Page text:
Blog: Career Colleges Impact Smaller Communities

By Kevin Kuzma, Online Editor

The boys are out early. By 7:15 on Saturday morning, they’ve rung my doorbell and have progressed to the play structure in my backyard and a few loose ropes the previous occupants have tied in the higher branches to act as swings. The youngest one, Matthew, shouts toward my window, which I’ve kept open throughout the late summer to let in the sounds from the trees and the early shaded breeze.

"Kevin!" he screams. "KE-VINNN."

I lie in bed, now more tired from the suggestion that I should get up. I think about his parents, quietly next door, in deep slumbers, and appreciative to see all that noise leave the house and take itself somewhere else, if only 50 feet away.

The older brother, Michael, doesn’t speak and I wouldn’t know he was there at all if not for glancing out the window and seeing him unknowingly tie the ropes into a noose shape. In the time it takes to ring a doorbell and run around to the backyard, the two boys have also somehow managed to drag a Fisher Price table out from underneath my deck and positioned it under the ropes so they can tie a stronger knot.

“GUYS!” I scream, and run through the kitchen and nearly put my hand through the screen door as I slide it open and bolt out onto the deck.

“HEY … you can hurt yourself doing that! That’s dangerous … DANGEROUS!”

They stare at me, shocked that my house suddenly went from nobody home to guy standing on the deck screaming at us. After a few seconds of silence, Matthew climbs down from the table.

“Hi, Kevin!” he says.

As often as they knock on my door or a near emergency happens, I can’t find it in myself to be upset at these kids or to talk to their parents. In the moments when they aren’t attempting something suicidal, they share much of their lives with me, the way children sometimes do.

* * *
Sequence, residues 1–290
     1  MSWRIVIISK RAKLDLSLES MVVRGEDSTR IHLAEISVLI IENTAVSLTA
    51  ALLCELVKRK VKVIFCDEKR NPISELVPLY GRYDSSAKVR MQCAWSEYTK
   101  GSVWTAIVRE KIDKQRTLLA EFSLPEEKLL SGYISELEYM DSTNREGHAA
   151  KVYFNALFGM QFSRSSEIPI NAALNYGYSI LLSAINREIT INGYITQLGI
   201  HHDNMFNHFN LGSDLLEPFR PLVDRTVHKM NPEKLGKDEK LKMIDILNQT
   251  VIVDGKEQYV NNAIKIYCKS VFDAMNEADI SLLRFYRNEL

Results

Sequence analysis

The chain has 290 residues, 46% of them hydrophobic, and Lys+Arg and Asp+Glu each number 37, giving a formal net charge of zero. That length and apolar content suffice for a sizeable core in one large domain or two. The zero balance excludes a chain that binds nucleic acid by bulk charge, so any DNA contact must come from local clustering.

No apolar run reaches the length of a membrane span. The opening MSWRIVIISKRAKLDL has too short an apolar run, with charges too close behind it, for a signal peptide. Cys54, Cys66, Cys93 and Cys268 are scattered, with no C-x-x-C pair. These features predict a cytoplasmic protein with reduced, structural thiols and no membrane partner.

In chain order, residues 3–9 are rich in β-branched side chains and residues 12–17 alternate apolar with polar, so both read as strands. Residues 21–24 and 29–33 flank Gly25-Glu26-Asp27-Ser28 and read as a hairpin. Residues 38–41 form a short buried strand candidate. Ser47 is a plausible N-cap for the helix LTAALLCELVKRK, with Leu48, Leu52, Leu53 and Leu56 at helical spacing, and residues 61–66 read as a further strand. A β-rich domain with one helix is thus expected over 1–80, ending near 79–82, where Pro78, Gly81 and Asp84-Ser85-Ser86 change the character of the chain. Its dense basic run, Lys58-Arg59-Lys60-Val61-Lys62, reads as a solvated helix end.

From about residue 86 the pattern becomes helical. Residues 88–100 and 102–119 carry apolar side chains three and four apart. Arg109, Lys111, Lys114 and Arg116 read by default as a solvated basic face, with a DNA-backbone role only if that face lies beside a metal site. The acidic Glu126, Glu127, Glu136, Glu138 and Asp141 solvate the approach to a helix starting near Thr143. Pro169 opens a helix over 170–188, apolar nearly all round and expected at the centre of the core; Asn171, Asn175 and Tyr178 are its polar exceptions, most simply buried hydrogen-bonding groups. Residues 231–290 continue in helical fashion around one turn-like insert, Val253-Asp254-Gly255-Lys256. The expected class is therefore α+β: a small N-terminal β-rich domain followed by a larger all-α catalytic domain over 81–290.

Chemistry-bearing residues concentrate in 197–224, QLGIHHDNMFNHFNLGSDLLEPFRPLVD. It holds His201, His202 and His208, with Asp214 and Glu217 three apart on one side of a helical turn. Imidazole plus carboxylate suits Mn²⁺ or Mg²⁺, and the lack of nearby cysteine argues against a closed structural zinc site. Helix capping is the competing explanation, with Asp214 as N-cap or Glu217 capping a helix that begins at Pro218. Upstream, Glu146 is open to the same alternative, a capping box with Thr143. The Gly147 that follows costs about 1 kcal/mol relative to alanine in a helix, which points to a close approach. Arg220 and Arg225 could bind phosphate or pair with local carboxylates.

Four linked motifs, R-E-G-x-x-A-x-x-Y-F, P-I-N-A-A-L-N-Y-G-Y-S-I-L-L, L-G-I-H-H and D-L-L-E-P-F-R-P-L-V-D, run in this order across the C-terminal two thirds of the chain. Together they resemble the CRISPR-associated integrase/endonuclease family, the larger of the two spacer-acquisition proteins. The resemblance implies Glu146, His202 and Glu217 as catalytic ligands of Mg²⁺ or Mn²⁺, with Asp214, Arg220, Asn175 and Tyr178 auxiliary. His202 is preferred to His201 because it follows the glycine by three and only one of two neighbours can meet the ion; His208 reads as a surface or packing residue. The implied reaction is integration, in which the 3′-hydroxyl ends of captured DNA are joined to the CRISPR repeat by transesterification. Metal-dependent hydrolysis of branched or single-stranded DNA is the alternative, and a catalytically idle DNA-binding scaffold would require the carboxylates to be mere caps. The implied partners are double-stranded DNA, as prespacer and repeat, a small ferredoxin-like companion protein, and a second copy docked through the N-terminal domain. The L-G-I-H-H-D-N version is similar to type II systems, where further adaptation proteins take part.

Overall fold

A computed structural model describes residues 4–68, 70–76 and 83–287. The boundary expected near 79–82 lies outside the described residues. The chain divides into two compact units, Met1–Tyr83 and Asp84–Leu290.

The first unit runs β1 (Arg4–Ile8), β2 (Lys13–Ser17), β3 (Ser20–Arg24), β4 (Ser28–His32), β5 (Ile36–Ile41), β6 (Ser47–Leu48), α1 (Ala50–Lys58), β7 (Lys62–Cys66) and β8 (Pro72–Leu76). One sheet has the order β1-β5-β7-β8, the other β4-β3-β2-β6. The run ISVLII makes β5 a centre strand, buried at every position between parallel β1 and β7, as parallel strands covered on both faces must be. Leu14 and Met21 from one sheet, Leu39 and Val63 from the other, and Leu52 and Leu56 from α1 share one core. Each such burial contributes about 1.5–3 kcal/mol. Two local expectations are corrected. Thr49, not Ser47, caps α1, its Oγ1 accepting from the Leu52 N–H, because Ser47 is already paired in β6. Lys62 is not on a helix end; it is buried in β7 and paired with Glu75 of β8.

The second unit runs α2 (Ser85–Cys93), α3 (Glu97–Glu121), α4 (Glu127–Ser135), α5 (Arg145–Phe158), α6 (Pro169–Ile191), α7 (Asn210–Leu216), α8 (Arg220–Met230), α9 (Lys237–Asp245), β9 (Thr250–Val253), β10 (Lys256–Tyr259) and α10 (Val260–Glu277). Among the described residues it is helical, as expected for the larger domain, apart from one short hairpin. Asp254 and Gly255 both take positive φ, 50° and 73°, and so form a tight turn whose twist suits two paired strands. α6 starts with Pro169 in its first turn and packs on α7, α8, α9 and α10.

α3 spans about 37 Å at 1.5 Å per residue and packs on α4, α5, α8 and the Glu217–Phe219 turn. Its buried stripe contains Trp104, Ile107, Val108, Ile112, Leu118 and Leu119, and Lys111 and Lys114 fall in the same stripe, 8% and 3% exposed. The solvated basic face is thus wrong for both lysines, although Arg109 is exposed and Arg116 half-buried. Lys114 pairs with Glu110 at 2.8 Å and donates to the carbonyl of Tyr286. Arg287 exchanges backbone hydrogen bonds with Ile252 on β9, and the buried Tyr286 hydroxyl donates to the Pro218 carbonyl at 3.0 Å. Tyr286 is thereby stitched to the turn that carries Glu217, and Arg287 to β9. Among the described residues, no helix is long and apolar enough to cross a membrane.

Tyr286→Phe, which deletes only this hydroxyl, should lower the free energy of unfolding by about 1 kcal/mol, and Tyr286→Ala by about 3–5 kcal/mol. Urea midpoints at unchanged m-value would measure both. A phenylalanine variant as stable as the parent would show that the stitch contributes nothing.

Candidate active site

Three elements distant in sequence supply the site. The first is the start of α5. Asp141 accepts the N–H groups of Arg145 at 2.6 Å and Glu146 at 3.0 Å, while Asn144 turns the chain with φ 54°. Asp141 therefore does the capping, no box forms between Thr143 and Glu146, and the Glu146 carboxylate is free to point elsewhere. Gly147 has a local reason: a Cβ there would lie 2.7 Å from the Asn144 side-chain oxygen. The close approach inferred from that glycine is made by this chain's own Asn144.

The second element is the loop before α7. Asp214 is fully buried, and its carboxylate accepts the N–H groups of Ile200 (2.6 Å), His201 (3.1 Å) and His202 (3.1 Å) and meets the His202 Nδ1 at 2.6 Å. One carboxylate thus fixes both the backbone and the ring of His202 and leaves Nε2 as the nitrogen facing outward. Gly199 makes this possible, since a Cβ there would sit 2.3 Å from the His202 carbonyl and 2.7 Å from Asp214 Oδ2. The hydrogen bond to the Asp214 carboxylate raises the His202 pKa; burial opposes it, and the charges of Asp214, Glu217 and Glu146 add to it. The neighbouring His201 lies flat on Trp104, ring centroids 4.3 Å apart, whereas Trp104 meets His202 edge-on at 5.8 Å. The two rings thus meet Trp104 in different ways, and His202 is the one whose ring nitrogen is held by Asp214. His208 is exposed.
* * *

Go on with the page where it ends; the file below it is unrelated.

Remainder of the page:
One Sunday morning, after ringing my doorbell at 7:45, Matthew showed me his new shoes. They sported Thomas the Tank Engine, as do the shirts and shorts he wears most the time. His mother buys them from Wal-Mart, where she works nights – and where she met his father, who now works days. The boys, I deduce, are left unsupervised on weekends. Michael goes to school during the week so it’s only Matthew who’s left to play alone in his small yard. When he asks if he can play in mine, I almost have to say yes.

Wal-Mart is one of the larger employers in our small suburban town, just south of Kansas City. I knew when it was built that it would generate jobs and change the way people shopped, but I didn’t consider that there would be couples that meet there, marry, and depend on the store for their livelihood.

When you ask Matthew where his shoes come from or where his toys were bought, he says, “From work."

I bought a house next door to this family, and while I know my pockets aren’t lined with gold, I can afford the place where I live. Something tells me, though, that these boys’ family needs every penny to make it month to month. America is filled with families like this – with just as many who are behind financially.

In the six weeks I’ve been living in this neighborhood, I’ve seen the boys’ father three times. Their mother, only twice. I know they are content with the life they have. They probably feel like it’s as good as it might get for them.

There are no career colleges in our small town. The nearest is Brown Mackie College, about 10 minutes north on the interstate. I wonder if a college here could change the lives for the people the way Wal-Mart has. The people working nights as stockers, might work days as Dental Assistants. Or the servers at the one and only breakfast place, Waffle House, could skip the all-night shift and work more reasonable hours in an IT position in a corporate environment. Maybe a few more parents would have more time for each other and their families as a result.

The boys meet me on weekday mornings, too, when I’m driving away to work. “Let’s play when you get back tomorrow,” Matthew says, but he means tonight. I will probably forget about our promise to play until I pull back in my driveway nine hours from then. But I have no doubt he will be waiting on my stoop and looking forward to showing me his new shoes again.

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